Comments

  1. Very interesting that they made the deliberate point of keeping the ending ambiguous - as I felt it was an optimistic ending but my good lady wife thought it was pessimistic. Clever lot, these theatre people!

    ReplyDelete
    Replies
    1. Yes they are there to make us think. I saw from your review that you were a split camp, so it very much created talk over the ending.

      Delete

Post a Comment

Popular posts from this blog

Review of Bombshell by Contact Light Theatre at The Playhouse Theatre, Northampton

Warning: This review contains spoilers

Whether it is an overwhelming success or mostly a failure, I have over the years grown a huge affinity for fresh new work on the stage. The need to regurgitate and rework old pieces continuously may well get easy bums on seats, but at the end of the night, it has no doubt pleased a few but it hasn't really made any future impact on theatre of the future. Presenting a new play and new work, however, who knows what it might have seeded in the years to come?

Therefore as I watched Bombshell, not only a new play, but also the first offering from a new theatre company, I was thrilled that first of all, it leaned much more towards the success line, and also that over half filling the theatre, it had also put quite a few of the bums on seats as well.

Curiously I have recently read Festen by David Eldridge, and while Bombshell goes much its own way, I felt early on, I (and perhaps others in the audience), felt I had a distinct advantage over some of …

Review of Balm in Gilead, University of Northampton BA Acting (Creative Acting) at Maidwell Hall, Northampton

Watching the production of Balm in Gilead sees my entering the fifth year of following the University of Northampton acting students, and what theatre they have provided over the years!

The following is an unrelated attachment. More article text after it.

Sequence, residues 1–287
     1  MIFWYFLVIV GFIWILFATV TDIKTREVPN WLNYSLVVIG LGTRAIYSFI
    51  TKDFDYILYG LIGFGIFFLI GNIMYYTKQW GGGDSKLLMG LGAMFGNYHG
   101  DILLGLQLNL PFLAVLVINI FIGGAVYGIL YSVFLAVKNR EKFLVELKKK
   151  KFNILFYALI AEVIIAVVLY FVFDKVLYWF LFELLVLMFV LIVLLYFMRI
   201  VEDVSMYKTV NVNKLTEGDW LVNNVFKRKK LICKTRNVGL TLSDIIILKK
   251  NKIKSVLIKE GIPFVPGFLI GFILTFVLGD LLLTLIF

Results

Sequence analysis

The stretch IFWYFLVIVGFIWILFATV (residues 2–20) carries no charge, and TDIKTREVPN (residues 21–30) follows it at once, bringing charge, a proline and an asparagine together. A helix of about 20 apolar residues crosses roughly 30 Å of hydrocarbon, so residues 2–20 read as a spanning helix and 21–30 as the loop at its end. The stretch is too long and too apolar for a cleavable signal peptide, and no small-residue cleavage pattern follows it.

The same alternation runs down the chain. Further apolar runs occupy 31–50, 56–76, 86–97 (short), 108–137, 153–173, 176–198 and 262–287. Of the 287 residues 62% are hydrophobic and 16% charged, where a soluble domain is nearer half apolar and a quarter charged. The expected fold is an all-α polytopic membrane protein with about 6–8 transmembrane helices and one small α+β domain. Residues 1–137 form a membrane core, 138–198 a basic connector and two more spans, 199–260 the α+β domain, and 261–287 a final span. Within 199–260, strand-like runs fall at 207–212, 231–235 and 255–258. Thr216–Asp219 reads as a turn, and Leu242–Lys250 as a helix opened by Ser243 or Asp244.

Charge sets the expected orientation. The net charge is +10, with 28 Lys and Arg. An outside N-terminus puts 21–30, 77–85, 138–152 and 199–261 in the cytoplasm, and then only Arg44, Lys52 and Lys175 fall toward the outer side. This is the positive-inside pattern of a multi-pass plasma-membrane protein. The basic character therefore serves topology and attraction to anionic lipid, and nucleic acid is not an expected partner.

Balm in Gilead is no less intriguing than anything that has gone before, written in 1965 by Lanford Wilson, you might think this would be a dated item for the young students to be performing, however, nothing could be further from the truth. Set in a cafe (transposed to England from its original American setting), it sees the lives of addicts, homeless and sex workers converge into a mixture of good but mostly bad moments.
My first time in the Maidwell Hall saw an encounter with a brilliantly realised community full of the world of the cafe and the surrounding homes, cardboard boxes and dishevelled beds. As we enter the characters of this world begin living alongside us, addressing us, begging us for money, pushing shopping trolleys around offering off the cuff exchanges with the audience and confronti…

Review of This Evil Thing at Royal & Derngate (Royal), Northampton

This Evil Thing written and performed by Michael Mears isn't my first encounter with a play about conscientious objectors, however, it absolutely is the most detailed in its explanation of the subject. A clear and absolute labour of love from Michael Mears, and an obviously very personal thing for him, it leaves the audience pretty much in its grip for the whole of its 80 minutes.

Almost uniquely, our performer Michael Mears is in the theatre stalls upon entry, observing the arrival of the audience and indeed exchanging conversation at times. It's fascinating to see a performer not only there, but seemingly so relaxed pre-show and as he bounds on the stage at show start, this little nugget proves intriguing in itself.

Michael Mears is a captivating presence on stage, as previously experienced on the same stage in A Tale Of Two Cities and The Herbal Bed, therefore it comes as little surprise that he has a confident ability to make a one-man show work, and so well. With the use …